Field Work (Poem)

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Photo by Paul Martini

Field Work

By Austin Holmes

when we awoke in the morning
we broke down camp and drove
to the sandy two-track
then opened the old gate
held to the post by taut rusted wire
as we passed along sagebrush taller than a bull’s spine
we saw a calf head impaled
on a juniper branch serving as a fence post
so fresh the blood still trickled down the bark

twenty five meters down a transect line
two great horned owls, startled by my approach,
fly from their pirch in the pinyon to the
other side of the canyon
from there they chittered and snapped their beaks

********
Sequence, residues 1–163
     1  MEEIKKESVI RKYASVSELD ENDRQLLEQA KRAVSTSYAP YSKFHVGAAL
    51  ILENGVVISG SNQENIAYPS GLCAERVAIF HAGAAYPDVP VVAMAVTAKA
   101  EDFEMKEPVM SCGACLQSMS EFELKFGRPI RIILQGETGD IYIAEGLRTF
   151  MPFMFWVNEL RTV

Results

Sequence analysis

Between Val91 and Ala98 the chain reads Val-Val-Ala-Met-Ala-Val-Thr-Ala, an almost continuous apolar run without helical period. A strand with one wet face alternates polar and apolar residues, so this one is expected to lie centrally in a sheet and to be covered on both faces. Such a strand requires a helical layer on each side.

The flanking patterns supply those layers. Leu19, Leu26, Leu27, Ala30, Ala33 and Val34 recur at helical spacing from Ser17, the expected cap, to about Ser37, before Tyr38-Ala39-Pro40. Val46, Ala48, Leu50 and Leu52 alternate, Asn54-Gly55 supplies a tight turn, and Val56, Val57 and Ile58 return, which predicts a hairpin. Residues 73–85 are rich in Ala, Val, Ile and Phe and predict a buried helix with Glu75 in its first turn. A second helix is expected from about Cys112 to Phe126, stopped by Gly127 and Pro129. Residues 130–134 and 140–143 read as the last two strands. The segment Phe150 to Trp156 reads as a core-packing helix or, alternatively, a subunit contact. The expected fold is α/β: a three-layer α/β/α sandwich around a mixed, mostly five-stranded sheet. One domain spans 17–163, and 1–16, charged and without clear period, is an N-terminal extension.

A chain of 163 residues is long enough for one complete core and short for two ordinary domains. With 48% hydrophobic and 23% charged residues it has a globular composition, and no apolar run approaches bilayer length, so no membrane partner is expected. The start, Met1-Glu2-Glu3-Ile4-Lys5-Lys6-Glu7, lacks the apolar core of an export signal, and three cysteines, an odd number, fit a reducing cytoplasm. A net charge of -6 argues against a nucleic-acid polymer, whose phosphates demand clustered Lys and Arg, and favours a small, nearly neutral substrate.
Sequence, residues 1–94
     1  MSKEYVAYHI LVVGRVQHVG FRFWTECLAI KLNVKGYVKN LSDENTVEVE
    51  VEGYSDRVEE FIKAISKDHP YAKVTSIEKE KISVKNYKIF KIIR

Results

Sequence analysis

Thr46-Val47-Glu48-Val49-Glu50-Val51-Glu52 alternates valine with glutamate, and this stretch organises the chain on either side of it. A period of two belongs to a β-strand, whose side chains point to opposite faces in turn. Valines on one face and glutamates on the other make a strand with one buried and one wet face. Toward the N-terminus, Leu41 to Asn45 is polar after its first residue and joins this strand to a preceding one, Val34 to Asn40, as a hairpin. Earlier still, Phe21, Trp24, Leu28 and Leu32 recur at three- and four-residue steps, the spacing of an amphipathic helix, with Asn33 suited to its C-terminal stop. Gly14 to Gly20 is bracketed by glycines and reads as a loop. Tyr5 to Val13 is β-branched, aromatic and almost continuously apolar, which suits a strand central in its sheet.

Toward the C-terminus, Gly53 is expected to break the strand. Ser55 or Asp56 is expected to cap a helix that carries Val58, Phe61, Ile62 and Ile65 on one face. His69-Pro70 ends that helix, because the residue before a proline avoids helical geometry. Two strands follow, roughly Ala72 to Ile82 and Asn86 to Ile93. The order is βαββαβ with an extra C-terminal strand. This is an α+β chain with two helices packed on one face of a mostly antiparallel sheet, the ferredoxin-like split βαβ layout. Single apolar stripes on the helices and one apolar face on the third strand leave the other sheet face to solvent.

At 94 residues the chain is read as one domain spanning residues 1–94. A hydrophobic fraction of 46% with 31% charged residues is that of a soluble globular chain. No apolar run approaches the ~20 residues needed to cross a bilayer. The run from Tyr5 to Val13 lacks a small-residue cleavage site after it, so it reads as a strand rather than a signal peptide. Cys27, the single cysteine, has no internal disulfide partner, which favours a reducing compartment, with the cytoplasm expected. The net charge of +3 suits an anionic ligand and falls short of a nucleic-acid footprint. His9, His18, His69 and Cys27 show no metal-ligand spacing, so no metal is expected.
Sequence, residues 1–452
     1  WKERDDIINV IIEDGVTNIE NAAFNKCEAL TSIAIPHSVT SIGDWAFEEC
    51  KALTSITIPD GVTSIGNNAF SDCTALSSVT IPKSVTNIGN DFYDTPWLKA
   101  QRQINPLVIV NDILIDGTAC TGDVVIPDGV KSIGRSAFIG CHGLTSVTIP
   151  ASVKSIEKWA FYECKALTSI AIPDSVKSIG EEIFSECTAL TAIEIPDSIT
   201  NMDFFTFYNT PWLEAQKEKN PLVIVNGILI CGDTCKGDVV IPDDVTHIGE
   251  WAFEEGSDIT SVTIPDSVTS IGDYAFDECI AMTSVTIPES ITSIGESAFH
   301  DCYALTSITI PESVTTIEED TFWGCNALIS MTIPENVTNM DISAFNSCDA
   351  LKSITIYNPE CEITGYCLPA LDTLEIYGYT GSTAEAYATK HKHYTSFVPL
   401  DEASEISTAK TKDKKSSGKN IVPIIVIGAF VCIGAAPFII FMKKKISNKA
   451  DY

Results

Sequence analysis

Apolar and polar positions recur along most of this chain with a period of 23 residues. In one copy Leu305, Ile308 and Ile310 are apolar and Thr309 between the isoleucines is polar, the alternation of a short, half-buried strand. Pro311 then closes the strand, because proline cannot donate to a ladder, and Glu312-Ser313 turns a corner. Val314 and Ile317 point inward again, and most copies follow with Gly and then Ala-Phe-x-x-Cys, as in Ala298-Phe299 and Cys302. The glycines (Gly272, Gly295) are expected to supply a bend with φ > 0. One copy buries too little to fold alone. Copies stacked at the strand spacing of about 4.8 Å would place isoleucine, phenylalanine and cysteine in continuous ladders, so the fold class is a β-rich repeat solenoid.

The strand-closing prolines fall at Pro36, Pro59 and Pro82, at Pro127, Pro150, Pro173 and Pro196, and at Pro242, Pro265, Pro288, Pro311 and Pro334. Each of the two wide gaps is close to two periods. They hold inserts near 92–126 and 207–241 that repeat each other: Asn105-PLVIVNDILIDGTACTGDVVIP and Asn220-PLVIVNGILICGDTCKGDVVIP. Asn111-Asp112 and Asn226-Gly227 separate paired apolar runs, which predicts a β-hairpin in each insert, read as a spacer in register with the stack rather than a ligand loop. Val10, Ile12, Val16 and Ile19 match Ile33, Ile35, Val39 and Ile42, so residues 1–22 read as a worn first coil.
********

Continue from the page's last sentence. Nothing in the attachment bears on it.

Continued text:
into the empty space between us

a velvet ant furred in corrosive orange
scours the earth methodically
ducking its small head into burrows
no larger than a dime
staring into their cored, cyllindrical black
then moving on

dead coyote in the road
jaw snapped
wrenched agape
eyes still fresh and in awe of an end
in the early morning light

dead cow
hide withered three days
turkey vulture and some ravens
squawk at the rations
of Bos taurus

cicadas in the junipers
clacking like tens of thousands
of marbles upon hardwood floors
then comes the whir

storm at night
thunder saturates the sky
a slither outside my tent
is it a rill of water

— Read more poetry by Austin Holmes on the Canyon Echo.